The U.S. Department of Health and Human Services (HHS) announced the availability of $35 million in American Rescue Plan (ARP) funding to enhance and expand the telehealth infrastructure and capacity of Title X family planning providers.
November 23, 2021
Press Release

Amazon’s On-Demand Healthcare Business Lands Hilton

Amazon.com has reached a deal to sell virtual medical services to Hilton in the US, landing a high-profile customer for its nascent healthcare business.


The company declined to disclose financial terms of its agreement with the hotel chain.

The world’s biggest online retailer has looked to sign up employers to Amazon Care, its on-demand health offering that lets users message or video-chat clinicians and receive home visits in some cities. Amazon held trials of the service for its employees around Seattle in 2019, and this summer it started marketing Care nationwide to other companies.

The deal with Hilton Worldwide Holdings Inc marks Amazon Care’s first hospitality customer and only its second disclosed client after fitness equipment maker Precor. It shows how the company is seeking to disrupt the healthcare industry with a tried-and-true playbook.

Just as Amazon built data centers to satisfy its e-commerce needs and later sold access to this infrastructure in what became its cloud-computing business, so is Amazon looking to market a healthcare service it built first for its workers’ benefit.

Speaking at Reuters’ Total Health conference on Monday, Kristen Helton, director of Amazon Care, called the Hilton deal “a great step forward for the business to show we can provide care nationwide to their team members.” 

Hilton employed about 141,000 people globally as of December 31, 2020. All its US staff enrolled in a corporate health plan will have Amazon Care as a benefit next year.

That means virtual meetings with clinicians from Care Medical, a company focused on serving Amazon Care users. Amazon also offers house calls in greater Seattle and the Washington-Baltimore metro area, with plans to expand to Los Angeles, Chicago, Dallas, Philadelphia and Boston.

Helton said employers’ pandemic safety concerns and recruiting needs during a labor shortage have contributed to demand.

“Attracting and retaining talent is so critical for businesses right now,” she said.

Hilton pays for workers’ access to care and for a portion of the visit expenses. Text chats via Amazon Care will be free to the hotel chain’s employees, while provider video or home visits carry a small fee, she said.

Artificial intelligence (AI) will play a greater role in the future, too.

“We will have clinicians in the loop for a period of time until we can actually trust that AI and those technology solutions are taking care of the patient in the way that is best,” Helton said.

Amazon is looking to technology to reduce providers’ post-care work and lower costs, though the human connection remains very important, she said.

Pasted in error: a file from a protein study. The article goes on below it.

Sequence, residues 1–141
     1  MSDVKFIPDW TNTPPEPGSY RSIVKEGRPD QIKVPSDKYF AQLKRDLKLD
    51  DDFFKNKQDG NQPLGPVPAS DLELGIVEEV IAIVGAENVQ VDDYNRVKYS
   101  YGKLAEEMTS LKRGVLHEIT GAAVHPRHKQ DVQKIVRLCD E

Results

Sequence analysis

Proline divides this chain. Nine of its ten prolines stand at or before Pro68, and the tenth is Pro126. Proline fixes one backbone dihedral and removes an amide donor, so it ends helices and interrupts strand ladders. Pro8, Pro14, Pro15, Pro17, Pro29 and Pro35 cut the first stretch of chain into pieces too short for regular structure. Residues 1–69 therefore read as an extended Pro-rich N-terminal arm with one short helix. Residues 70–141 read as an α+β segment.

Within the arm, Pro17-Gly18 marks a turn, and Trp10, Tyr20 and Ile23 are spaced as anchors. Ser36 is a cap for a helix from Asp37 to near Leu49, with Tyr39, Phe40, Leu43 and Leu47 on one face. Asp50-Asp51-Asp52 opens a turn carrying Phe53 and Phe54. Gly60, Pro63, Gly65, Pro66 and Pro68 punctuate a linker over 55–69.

November 19, 2021

Cybersecurity, Government

DHS Launches Innovative Hiring Program to Recruit and Retain World-Class Cyber Talent

The Department of Homeland Security (DHS) launched the Cybersecurity Talent Management System (CTMS), a new personnel system that will enable DHS to more effectively recruit, develop, and retain our Nation’s top cybersecurity professionals. CTMS will enable DHS to fill mission-critical cybersecurity positions by screening applicants based on demonstrated competencies, competitively compensating employees, and reducing the time it takes to be hired into the Department. Employees hired through this system will join the new DHS Cybersecurity Service, the Nation’s preeminent federal cybersecurity team working to protect U.S. critical infrastructure and the American people from cybersecurity threats, and increase nationwide resilience.

“The DHS Cybersecurity Talent Management System fundamentally re-imagines how the Department hires, develops, and retains top-tier and diverse cybersecurity talent,” said Secretary of Homeland Security Alejandro N. Mayorkas. “As our Nation continues to face an evolving threat landscape, we cannot rely only on traditional hiring tools to fill mission-critical vacancies. This new system will enable our Department to better compete for cybersecurity professionals and remain agile enough to meet the demands of our critical cybersecurity mission.”

Federal hiring practices need to meet mission and market demands in the dynamic field of cybersecurity. CTMS is one tool that will help DHS overcome challenges related to recruiting, developing, and retaining top-tier cybersecurity talent.

DHS will initially leverage CTMS to fill high-priority jobs at the Cybersecurity and Infrastructure Security Agency (CISA) and DHS Office of the Chief Information Officer. Beginning in 2022, DHS Cybersecurity Service jobs will be available across several DHS agencies with a cybersecurity mission.

CTMS builds on the Department’s efforts to create a robust, diverse cybersecurity workforce and fill critical positions. Earlier this year, Secretary Mayorkas announced the most successful cyber hiring initiative in the Department’s history and established the Secretary’s Honors Program to recruit talented recent graduates.

November 19, 2021

Electronic Health Records

EHNAC Appoints Three New Commissioners to Governing Body

The Electronic Healthcare Network Accreditation Commission (EHNAC), a non-profit standards development organization and accrediting body for organizations that electronically exchange healthcare data, announced that Shaun Newton of ZeOmega, Dr. Tim Pletcher of the Michigan Health Information Network Shared Services (MiHIN), and Ricky Ponsaa of TransUnion have been appointed EHNAC commissioners through 2024. Newton, Pletcher and Ponsaa join an EHNAC Commission comprised of an executive director, a chief operating officer and 11 healthcare industry leaders including stakeholders and consumer representatives from private and public-sector organizations.

“The appointment of three prominent and well-respected thought-leaders who are continuously shaping and influencing the healthcare ecosystem, is a tremendous achievement for EHNAC and our Board of Commissioners,” said Lee Barrett, CEO and Executive Director, EHNAC. “Adding their invaluable insights and experience will be vital to helping us continue achieving our mission of ensuring the highest standards of patient data privacy, security and integrity. Their guidance, along with that of their fellow commissioners, is essential at a time when helping our industry achieve quality and trust in healthcare information exchange through the adoption and implementation of industry standards is critical.”

Serving as the Information Security and Compliance Officer at ZeOmega, the nation’s leading population health management company, Shaun Newton works closely with internal and external stakeholders to ensure the company’s products and operations meet the highest industry standards. His areas of responsibility include regulatory compliance, information security, application security, privacy, risk management, corporate quality improvement, and public sector and international engagement.